5 Family-Friendly Eco Destinations in Kissimmee, Florida

by Culinary Spelunker / May 28, 2019 /
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Chances are if you’ve visited Orlando, Florida, home to theme park behemoths Walt Disney World, Universal Studios Florida and others, you’ve also been to Kissimmee, its sister city just to the south. The two cities meld into one another – and yet for families looking to break up their days in the theme parks with some natural sites you can only find in Central Florida, Kissimmee offers the the perfect starting point.

Here are a few places in and around Kissimmee to add into your family’s itinerary on your next visit to the area.

5 Family-Friendly Eco Destinations in Kissimmee, Florida

See some of the rarest alligators in the world at Gatorland

The oldest theme park in central Florida belongs not to a big-eared mouse name Mickey, but instead to a gathering place for around 2,500 alligators and crocodiles. Now in its 70th year, Gatorland, which happens to be just fifteen minutes due east of Walt Disney World, has been educating visitors about the leathery reptiles since 1949.

Gatorland. From 5 Family-Friendly Eco Destinations in Kissimmee, Florida

5 Family-Friendly Eco Destinations in Kissimmee, Florida

Gators are divided up by size and age into different areas within the 110-acre property. Besides the gators, there are exhibits dedicated to panthers, emus, snakes and tortoises, too. One of the tortoises, a gentle giant called Dean, is well over 100 years old!  

100 year-old Dean the tortoise. From 5 Family-Friendly Eco Destinations in Kissimmee, Florida
Giant Turtle

But, of course, the real stars in Gatorland are the gators. Some of the largest on the property (and most intimidating, if you ask me) include the 13-foot, 7-inch Chester, who was brought to Gatorland after being found in a Tampa Bay neighborhood where he’d been staying fed by tracking down local dogs. Gatorland guides will tell you that when an alligator grips something in its jaws, pound-for-pound it has the same force as the crusher at a junkyard – yes the ones that tear cars in half. And Chester is more than happy to demonstrate his powerful jaws.

The rarest find, however, in Gatorland, is brothers Ferris Zombi and Trezo Je. The pair are two of twelve leucistic alligators in existence. At first, you might think Ferris and Trezo are albino alligators because of their white color–and there are albino alligators on the property. Leucistic alligators occur based on a rare genetic mutation where the gators lack pigmentation–and they typically have blue eyes.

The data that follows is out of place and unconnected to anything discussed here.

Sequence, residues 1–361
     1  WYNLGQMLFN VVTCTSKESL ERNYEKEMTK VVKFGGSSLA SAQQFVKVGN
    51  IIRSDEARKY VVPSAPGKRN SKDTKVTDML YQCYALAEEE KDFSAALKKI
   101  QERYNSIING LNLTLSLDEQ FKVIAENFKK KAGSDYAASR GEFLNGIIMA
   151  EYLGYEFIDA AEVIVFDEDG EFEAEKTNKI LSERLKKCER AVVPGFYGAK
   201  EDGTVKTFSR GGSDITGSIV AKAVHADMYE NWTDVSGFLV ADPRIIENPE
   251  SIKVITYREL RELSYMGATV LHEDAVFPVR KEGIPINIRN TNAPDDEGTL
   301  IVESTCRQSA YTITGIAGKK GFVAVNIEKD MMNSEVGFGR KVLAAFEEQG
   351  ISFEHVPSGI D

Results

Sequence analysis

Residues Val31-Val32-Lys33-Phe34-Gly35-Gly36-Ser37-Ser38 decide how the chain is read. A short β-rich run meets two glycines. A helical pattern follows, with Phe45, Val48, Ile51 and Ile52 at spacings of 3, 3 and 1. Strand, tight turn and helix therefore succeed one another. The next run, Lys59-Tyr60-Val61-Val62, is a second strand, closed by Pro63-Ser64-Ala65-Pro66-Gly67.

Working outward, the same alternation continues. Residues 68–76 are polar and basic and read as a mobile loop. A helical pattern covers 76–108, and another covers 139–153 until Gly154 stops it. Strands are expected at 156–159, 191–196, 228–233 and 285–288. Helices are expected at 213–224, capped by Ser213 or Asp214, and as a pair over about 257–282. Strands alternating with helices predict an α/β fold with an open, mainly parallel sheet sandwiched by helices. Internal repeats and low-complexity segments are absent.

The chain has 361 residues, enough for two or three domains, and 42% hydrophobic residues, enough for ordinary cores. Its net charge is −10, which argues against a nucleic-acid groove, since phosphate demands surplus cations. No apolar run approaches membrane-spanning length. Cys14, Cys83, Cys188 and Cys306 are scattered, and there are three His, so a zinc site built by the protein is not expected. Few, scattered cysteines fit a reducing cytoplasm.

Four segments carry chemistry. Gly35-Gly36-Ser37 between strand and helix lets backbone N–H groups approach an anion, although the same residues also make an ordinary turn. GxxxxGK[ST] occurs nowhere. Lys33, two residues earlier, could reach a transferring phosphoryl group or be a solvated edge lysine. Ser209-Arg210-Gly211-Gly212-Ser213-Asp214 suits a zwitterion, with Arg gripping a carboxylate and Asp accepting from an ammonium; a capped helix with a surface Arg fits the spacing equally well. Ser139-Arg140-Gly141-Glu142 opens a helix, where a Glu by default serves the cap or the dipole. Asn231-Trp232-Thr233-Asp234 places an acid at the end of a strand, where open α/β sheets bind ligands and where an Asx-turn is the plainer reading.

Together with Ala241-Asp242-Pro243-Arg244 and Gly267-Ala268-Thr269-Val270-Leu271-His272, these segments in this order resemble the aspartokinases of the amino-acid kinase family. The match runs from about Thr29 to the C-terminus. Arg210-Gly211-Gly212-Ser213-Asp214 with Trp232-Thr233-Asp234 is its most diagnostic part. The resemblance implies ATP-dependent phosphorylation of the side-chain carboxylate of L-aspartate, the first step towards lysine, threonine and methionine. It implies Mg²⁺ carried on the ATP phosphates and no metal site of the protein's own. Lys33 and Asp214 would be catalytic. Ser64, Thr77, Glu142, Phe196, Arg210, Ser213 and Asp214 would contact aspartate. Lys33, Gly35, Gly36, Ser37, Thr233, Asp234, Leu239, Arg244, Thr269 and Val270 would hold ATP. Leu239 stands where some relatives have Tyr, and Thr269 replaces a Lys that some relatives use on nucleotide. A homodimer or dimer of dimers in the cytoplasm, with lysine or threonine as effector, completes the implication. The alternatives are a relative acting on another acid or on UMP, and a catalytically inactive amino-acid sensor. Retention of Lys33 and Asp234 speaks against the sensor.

Leucistic gator at Gatorland. From 5 Family-Friendly Eco Destinations in Kissimmee, Florida
Leucistic gator

For a bird’s eye view of Gatorland, you can opt to go on a single-ride zip line right over the gator’s breeding marsh or go on a 2 1/2-hour zip line tour. One note: the single-ride zip is wheelchair accessible.

Cycle through Walt Disney’s version of a utopian neighborhood

Winding your way through Disney’s planned community, Celebration, feels a bit like you’ve entered the set for the old 1950s Leave It to Beaver TV show, or more recently the Jim Carrey-led film about an idyllic community with an eerie twist in The Truman Show. In the early 1990s, work began on the community, which was built to honor Disney’s vision of a futuristic, yet homey community. Bike rentals are available through Celebration Bike Rental near the Bohemian Hotel. You can take the bike out on your own or enlist a guide to show you around town. Our guide, a long-time resident, relayed the history of the the planned community of 4,000 homes while we rode.

The tour delved into little details you might miss on your own, including one section of houses that are required to have white-picket fences, but no two houses can have the same design; or the fact that palm trees were verboten within the community (apparently, they lacked the more old-school neighborhood feel the community sought to emulate); or what about the Architectural Review Committee, or ARC, that comes on a regular basis to ensure properties adhere to the strict and allowable designs (not to be confused with the Landscape Review Committee that double checks that all the yards are neat and tidy)?

Cycling at Celebration. From 5 Family-Friendly Eco Destinations in Kissimmee, Florida
Cycling at Celebration

Cycling through feels a bit like you’ve stepped right into a veneered slice of Americana that seems almost too good to be true–and perhaps that’s how Disney intended it, an ideal to aspire to.

Soar through the clouds in a hot air balloon

You’ll have the coax yourself out of bed to make it to the Orlando Balloon Rides offices around 5 a.m. – but getting up before the sun gets up is worth the view once you start rising above neighborhoods and fields. I’ve only been on a balloon ride once before in my teens, and recalled the ride being noisy and jarring with the pilot regularly feeding the balloon’s hot air with the burner’s flames.

Hot air balloon ride! from 5 Family-Friendly Eco Destinations in Kissimmee, Florida